Economic Analysis of Rural Towns presented to Galway County Council by Teagasc Head of Rural Economy and Development
Teagasc Head of Rural Economy and Development, Prof Cathal O’Donoghue was invited today, Monday, 24 February, to present research undertaken as part of Teagasc’s research support of the Commission for the Economic Development of Rural Areas (CEDRA) to a meeting of Galway County Council.
At this meeting Prof O’Donoghue said that “small and medium sized towns have been affected to a greater extent by the economic downturn, with unemployment increasing by 193% in towns under 10,000 inhabitants compared with 115% in cities and 150% nationally”.
He noted in his address that:
- Education levels are lower than the national average in small and medium sized towns and the open countryside.
- Small and medium sized towns and the open countryside are disproportionally reliant on declining industrial sectors (construction, manufacturing industry).
- Poverty rates are higher in small and medium sized towns.
- The share of working age households with no one in work (jobless households) is 20% higher than the national average at 31%.
In his presentation he commented specifically in relation to Galway towns. As part of a Teagasc study, where towns were ranked in relation to unemployment and emigration, a number of facts emerged:
- Galway has some of the top towns nationally under this measure with Clarinbridge, Barna, Carnmore, Clifden, Craughwell and Oranmore all in the top 10 per cent of towns. Most of these towns are commuter towns and reflect Galway’s economic strength.
- GBallinasloe and Rossaveal are in the bottom 20 per cent.
- GGort, however, having been just outside the top 10% in 2006 and 2002 are now in the bottom 10% in the country having lost 350 jobs and lost 15% of its working population during the crisis.
He noted particularly the significant impact of the downturn in Gort which has fallen in these rankings more than any other town in the country. Gort’s decline mirrors, but magnifies the decline seen nationally due to:
- An over reliance on construction prior to the crash.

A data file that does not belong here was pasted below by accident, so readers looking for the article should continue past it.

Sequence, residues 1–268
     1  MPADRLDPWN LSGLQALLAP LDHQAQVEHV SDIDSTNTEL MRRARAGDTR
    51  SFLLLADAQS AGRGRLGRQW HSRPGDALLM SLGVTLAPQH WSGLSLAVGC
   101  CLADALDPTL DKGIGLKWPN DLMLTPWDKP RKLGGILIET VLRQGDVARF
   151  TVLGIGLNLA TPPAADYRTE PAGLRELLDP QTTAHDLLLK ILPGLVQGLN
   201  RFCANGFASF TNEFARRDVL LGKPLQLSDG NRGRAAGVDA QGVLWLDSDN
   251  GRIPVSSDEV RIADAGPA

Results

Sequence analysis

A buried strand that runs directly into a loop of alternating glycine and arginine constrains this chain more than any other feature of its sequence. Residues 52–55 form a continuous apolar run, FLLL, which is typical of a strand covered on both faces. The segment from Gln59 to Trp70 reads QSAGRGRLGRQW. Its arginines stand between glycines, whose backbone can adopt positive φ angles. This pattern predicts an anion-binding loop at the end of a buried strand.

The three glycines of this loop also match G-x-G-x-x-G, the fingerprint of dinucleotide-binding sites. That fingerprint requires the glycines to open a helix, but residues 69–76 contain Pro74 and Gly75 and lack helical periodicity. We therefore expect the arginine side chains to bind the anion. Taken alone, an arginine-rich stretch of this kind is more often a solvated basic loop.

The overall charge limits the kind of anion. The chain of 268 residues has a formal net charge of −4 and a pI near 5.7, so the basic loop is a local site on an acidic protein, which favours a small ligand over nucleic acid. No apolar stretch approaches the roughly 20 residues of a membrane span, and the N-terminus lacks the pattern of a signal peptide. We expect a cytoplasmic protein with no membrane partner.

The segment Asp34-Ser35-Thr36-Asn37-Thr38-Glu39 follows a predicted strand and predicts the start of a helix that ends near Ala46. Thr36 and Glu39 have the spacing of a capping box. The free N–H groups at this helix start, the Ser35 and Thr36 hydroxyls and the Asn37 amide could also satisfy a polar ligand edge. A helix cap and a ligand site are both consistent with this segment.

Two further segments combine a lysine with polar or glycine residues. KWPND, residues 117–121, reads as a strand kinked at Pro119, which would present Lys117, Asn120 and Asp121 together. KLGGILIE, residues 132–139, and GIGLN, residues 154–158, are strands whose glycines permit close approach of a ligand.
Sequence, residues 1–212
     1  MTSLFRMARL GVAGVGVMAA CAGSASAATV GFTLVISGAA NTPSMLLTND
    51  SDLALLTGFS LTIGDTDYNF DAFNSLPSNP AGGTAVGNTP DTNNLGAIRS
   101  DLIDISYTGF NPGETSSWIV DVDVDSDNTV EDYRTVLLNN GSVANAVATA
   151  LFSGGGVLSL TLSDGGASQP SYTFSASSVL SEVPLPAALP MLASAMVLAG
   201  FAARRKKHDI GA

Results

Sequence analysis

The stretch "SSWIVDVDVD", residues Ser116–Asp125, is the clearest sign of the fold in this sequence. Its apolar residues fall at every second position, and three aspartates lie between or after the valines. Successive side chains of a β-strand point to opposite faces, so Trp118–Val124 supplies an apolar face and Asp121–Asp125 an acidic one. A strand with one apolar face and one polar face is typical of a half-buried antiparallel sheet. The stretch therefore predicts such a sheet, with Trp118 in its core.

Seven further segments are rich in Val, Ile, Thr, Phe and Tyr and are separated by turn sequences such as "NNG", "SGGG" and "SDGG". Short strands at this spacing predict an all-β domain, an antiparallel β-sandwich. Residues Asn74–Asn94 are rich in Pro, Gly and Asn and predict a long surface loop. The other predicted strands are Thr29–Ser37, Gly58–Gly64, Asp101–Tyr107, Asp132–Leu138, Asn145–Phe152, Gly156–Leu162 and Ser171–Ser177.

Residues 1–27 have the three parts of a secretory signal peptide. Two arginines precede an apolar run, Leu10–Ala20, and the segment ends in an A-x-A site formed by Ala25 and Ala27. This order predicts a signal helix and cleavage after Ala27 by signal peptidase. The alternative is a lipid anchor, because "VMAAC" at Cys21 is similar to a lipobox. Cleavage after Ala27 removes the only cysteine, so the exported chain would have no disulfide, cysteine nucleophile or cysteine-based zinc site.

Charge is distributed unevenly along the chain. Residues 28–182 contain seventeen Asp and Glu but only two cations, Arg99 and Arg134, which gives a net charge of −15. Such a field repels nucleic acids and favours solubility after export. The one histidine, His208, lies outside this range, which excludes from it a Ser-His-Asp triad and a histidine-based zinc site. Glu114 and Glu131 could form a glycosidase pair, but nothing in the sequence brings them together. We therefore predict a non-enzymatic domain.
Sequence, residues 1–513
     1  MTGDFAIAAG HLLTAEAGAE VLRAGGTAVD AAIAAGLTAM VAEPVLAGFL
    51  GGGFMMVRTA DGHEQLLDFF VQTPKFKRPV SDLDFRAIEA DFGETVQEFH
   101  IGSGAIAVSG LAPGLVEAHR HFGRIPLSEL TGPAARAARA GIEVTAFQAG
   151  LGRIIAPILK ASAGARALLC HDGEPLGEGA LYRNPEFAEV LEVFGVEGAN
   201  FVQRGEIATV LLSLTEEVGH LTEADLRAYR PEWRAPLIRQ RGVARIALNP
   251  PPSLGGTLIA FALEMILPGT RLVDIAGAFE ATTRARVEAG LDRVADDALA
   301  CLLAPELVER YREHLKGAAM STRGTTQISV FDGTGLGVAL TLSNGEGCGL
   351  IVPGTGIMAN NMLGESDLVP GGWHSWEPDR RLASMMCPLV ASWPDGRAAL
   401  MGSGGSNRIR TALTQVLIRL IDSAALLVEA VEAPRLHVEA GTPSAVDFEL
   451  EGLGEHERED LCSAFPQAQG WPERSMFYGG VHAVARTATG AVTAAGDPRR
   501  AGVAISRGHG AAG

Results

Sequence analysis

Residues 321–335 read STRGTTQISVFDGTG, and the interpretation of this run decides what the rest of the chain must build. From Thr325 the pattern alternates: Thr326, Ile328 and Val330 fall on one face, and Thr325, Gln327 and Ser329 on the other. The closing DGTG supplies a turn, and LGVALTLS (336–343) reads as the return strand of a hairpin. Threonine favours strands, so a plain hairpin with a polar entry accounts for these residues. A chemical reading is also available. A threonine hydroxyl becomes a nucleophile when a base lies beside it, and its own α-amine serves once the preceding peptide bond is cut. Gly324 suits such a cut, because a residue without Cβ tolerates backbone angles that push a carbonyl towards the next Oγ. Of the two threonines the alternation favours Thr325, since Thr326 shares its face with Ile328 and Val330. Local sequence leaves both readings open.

- An unsustainable increase in economic activity over a short period.
- An unsustainably fast population and housing rise prior to 2006.
However, he highlighted that Gort’s historical ranking reflects an underlying historical strength in terms of its economic potential and so has the attributes to grow again if the right decisions are made.
It is at the centre point of a high education axis that follows the road between Limerick and Galway, and is thus a rural area with relatively high human capital. This geographic position is also reflected in excellent, road, rail and airport links as well as close proximity to major tourism assets such as the Burren, Coole Park, Galway Bay and Lough Derg. Indeed geologically, Gort forms part of the Burren lowlands. Gort also has a significant cultural heritage as a central location within the Celtic revival movement at the turn of the last century.
Teagasc are working with community leaders in Gort and the surrounding Burren lowlands of South Galway and North Clare as part of its CEDRA plus project to revitalise the area economically.
He highlighted the need for dedicated policies and specific actions targeted at the economic development of small and medium sized towns and welcomed the new role that local authorities will play in relation to rural economic development and looks forward to publication of the report of the Commission for the Economic Development of Rural Areas (CEDRA).